Criticism and The Pale King
Elegant but problematic write-up on The Pale King in GQ by John Jeremiah Sullivan. Read it for the elegance, but I’d like to unfairly isolate the review’s conclusion, which alarmed me for the reasons articulated below. Quote:
Wallace’s work will be seen as a huge failure, not in the pejorative sense, but in the special sense Faulkner used when he said about American novelists, “I rate us on the basis of our splendid failure to do the impossible.” Wallace failed beautifully. There is no mystery whatsoever about why he found this novel so hard to finish. The glimpse we get of what he wanted it to be—a vast model of something bland and crushing, inside of which a constellation of individual souls would shine in their luminosity, and the connections holding all of us together in this world would light up, too, like filaments—this was to be a novel on the highest order of accomplishment, and we see that the writer at his strongest would have been strong enough. He wasn’t always that strong.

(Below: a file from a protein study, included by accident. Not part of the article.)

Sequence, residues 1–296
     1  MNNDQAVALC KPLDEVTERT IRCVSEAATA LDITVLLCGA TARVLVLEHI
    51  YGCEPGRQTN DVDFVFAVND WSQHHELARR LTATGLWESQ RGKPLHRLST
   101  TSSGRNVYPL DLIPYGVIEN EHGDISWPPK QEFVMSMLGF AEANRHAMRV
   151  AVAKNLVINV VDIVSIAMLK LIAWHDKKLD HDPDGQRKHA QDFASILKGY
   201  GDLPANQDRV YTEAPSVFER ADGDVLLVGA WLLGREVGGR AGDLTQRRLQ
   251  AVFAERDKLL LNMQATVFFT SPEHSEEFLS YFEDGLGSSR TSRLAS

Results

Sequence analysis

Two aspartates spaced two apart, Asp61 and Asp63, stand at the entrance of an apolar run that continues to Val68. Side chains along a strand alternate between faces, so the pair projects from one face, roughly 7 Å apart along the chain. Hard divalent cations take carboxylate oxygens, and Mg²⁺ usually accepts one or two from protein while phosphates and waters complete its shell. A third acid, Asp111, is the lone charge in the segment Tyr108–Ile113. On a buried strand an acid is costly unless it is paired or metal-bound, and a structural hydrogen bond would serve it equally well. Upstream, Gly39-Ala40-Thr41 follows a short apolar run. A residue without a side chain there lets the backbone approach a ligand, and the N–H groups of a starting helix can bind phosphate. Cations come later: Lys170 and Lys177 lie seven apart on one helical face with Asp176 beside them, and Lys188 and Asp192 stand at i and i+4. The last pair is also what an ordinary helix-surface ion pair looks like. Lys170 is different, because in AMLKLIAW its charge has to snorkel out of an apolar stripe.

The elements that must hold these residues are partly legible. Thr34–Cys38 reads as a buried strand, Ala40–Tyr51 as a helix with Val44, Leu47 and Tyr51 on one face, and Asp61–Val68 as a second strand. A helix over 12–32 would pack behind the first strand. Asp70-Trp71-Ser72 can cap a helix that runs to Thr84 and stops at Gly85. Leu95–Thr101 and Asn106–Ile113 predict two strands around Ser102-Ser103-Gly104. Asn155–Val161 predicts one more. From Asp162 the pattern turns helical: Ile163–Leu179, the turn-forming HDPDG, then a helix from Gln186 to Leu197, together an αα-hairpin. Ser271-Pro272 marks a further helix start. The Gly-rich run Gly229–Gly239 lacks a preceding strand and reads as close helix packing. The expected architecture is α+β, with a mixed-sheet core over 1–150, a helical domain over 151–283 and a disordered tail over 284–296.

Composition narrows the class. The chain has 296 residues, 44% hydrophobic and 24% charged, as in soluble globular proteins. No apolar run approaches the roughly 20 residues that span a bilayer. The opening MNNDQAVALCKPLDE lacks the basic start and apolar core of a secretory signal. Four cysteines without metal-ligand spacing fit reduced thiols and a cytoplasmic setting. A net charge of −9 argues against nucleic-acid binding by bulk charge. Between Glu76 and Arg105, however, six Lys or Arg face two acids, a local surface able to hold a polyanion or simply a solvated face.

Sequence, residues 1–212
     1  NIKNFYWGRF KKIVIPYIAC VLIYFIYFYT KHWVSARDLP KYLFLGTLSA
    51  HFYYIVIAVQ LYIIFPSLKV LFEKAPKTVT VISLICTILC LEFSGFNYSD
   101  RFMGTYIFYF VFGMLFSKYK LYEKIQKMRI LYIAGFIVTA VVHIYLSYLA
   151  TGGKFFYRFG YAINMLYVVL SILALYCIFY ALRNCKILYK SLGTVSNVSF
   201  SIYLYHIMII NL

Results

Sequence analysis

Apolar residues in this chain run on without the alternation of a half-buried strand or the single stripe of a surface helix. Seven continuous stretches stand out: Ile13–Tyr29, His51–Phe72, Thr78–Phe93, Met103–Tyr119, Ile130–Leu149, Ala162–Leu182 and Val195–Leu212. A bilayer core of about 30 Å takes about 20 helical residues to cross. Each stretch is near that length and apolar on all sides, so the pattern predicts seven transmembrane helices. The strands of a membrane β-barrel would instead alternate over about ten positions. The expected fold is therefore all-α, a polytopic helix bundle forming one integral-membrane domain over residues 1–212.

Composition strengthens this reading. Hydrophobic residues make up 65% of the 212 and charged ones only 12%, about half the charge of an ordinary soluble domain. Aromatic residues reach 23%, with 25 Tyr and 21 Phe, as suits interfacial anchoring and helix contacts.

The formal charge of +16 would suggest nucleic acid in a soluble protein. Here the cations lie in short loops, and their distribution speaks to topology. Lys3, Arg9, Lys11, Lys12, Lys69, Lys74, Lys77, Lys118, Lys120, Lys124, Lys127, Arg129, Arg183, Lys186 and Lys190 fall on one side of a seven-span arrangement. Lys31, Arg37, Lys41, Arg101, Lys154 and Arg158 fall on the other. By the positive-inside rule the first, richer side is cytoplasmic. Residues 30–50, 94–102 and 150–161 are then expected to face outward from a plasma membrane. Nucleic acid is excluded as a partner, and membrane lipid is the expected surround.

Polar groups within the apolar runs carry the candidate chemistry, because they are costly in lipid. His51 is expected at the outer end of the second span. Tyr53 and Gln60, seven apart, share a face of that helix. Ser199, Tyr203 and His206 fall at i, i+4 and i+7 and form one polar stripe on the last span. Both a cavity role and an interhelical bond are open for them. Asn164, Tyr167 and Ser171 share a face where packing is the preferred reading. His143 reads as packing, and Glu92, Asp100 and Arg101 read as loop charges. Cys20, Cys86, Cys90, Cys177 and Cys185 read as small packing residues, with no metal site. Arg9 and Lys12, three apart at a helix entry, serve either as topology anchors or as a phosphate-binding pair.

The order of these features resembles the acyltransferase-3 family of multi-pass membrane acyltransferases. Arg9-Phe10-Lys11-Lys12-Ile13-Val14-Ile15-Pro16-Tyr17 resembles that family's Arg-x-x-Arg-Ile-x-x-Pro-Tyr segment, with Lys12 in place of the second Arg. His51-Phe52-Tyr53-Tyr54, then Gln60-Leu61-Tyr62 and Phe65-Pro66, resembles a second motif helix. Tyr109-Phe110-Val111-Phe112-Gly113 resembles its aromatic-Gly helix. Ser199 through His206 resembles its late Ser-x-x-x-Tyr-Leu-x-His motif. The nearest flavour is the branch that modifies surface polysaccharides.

Insightful, or regurgitation of the “humanist” DFW diet? At what point will critics realize that there is not one single sense to DFW’s work–that is, Wallace as what Kyle Beachy, ironically or not, called the “empathy machine,” the brain with a heartbeat? There is no question that this caricature of Wallace suits our time, but it nevertheless should be considered as just that: a pitiful reduction of what Wallace demands, and the ensnaring of criticism in the dangerous matrix of “human values”–as if he awoke from his postmodern slumber merely to mourn the “souls who would shine”–which is, incidentally, my answer to Blake’s recent post. Answer: a critic should be critical, a problem which will be the challenge and measure of reviewing The Pale King.